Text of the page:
Watch on the Rhine (Posleen War: Sidestories #1)
What's both unfortunate and insane about Watch On The Rhine is that that single question above asks more more about the Waffen SS than the entire novel manages to do.
There's a small scene in Watch On The Rhine that I found summed up the novel's problems in unintentional fashion: A minor character asks his German friend why the Germans killed Jews during World War Two. The answer? 'We don't know'. It's emblematic of Watch O ...more
However, all of this is ruined by two things:
1) The author's political views are very much on board here. Liberals, greens, pacifists, etc are depi ...more
La historia a partir de ahí es previsible porque se tiene que adaptar a la cronología que le impone la s ...more
Closed minded folks will not be able to tolerate his views on several subjects, tho.
Persons like myself that love the militar history of the Second world War knows that the SS were in their majority Waffe-SS, fighters as the Werhmacht. Only a small part controled the Prisons a ...more
Starred Review. An axiom of military science is that an army reflects the society it protects, but what happens when that society is confronted with a crisis its dominant ideology can't solve? In this provocative addition to the Posleen War series, a galactic civilization genetically predisposed toward pacifism offers humanity advanced technology so that we can defend ourselves (and them) from the only other sentient species capable of violence—think "Mongol horde in spac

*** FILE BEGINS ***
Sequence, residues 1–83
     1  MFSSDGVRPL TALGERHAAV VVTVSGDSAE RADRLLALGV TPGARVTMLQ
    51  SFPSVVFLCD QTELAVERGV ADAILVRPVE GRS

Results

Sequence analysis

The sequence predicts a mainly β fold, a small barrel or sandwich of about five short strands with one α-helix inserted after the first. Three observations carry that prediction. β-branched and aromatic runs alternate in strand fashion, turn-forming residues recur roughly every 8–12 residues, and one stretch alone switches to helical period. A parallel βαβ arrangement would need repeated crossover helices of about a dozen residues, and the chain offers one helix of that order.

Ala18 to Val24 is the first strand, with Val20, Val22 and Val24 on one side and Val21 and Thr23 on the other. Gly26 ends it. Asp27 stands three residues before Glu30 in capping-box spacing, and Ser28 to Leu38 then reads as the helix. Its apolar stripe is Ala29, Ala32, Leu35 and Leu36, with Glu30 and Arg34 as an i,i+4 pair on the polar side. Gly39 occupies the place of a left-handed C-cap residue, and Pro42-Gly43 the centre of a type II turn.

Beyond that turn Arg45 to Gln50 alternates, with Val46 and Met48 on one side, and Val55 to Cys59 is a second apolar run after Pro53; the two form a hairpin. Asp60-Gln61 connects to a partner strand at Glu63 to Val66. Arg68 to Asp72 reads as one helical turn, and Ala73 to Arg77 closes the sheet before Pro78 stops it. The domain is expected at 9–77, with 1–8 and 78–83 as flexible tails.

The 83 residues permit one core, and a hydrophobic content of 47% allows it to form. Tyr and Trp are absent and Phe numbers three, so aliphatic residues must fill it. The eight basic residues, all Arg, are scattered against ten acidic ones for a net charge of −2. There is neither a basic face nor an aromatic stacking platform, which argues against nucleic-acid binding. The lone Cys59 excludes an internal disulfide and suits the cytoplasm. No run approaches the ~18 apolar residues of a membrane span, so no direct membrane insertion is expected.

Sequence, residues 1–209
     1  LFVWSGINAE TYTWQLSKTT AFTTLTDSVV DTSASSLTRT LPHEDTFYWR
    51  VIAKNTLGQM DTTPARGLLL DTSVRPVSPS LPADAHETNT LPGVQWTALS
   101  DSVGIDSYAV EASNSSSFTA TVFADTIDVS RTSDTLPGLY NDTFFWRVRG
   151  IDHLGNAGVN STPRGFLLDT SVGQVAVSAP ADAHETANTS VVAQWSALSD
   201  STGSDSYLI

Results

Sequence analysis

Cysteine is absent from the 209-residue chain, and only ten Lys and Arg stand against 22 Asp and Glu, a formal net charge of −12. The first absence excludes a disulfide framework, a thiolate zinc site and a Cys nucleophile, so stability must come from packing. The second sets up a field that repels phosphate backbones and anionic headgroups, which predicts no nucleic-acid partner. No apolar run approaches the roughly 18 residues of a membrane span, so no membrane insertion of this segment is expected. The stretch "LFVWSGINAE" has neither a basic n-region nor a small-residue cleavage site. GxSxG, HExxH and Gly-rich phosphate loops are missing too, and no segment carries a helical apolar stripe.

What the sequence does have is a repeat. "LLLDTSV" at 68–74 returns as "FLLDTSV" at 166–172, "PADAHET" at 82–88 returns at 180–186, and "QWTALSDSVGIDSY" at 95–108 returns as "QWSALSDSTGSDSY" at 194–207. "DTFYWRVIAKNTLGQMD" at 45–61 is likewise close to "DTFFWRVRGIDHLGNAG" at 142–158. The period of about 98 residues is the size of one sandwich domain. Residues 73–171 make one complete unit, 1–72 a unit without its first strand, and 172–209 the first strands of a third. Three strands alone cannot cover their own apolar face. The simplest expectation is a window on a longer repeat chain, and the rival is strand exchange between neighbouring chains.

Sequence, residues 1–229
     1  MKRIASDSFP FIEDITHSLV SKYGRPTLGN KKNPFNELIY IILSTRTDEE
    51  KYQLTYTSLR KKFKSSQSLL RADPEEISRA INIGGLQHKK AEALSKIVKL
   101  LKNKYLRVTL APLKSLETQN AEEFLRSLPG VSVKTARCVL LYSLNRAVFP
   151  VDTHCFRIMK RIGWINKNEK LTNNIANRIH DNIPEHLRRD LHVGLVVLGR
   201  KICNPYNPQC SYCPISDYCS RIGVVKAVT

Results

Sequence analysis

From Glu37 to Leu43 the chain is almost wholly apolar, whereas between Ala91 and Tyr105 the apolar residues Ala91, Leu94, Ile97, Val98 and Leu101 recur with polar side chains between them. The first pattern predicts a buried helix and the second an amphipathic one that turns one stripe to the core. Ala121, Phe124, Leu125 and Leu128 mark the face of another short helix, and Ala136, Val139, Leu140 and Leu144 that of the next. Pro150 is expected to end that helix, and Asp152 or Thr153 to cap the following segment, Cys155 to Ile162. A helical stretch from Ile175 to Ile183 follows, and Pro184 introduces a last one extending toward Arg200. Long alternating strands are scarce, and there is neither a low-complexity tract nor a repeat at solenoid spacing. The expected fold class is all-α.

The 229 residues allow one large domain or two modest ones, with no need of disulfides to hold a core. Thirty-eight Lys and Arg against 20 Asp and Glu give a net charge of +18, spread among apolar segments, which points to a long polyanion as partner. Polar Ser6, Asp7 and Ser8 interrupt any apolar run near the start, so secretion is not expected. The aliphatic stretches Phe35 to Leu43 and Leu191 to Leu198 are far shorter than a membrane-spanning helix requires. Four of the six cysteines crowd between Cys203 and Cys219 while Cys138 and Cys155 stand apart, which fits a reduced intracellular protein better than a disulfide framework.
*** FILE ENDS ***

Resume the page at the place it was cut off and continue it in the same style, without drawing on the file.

I was originally reluctant to read this book, as it sounded like it would be a bit darker than I tend to like in sci-fi - even military sci-fi. However, I was delighted to find that this was not only well-written, but a truly terrific story. How far would a people go to make sure they would and could survive against a superior force with little time to prepare? Would they resurrect the Waffen ...more
It was supposed to be disturbing. The point was to shake the view that all members of the Waffen SS were identical monsters. The point was - in the same way that The Killer Angels made the point - that on both sides of any conflict are human beings that under other circumstances could be brothers in arms.
It was also about redemption and forgiveness. How people who have shown weakness, complicity, or selective blindness in the fa ...more
This book is by my count the 7th of the Posleen War series. None of the characters we have seen in previous books are in this book. This book details the Posleen War in Europe.
This book stand alone better than Calley’s War which I reviewed here. The lack of previous characters helped the stand alone feature. The authors provided sufficient back story to pick up and go. I found this book more depressing than the previous books. Since I haven’t re ...more
I really liked Brasche, Muhlenkampf and Schultz. Indowy Rinteel was a nice contrast to the other characters. I was quite happy to see the one government of ...more
It asks a question that isn't asked enough in science fiction: how far would you go to survive under the worst possible conditions and, under such circumstances, who would be s ...more
More of an exploration of human nature than the main books in the cycle. It even delves into the psychological makeup of the Posleen and other alien species.
Interesting and worth reading but somehow uninvolving.
In 1999 he wrote and published his first novel "A Hymn Before Battle", which proved successful. ...more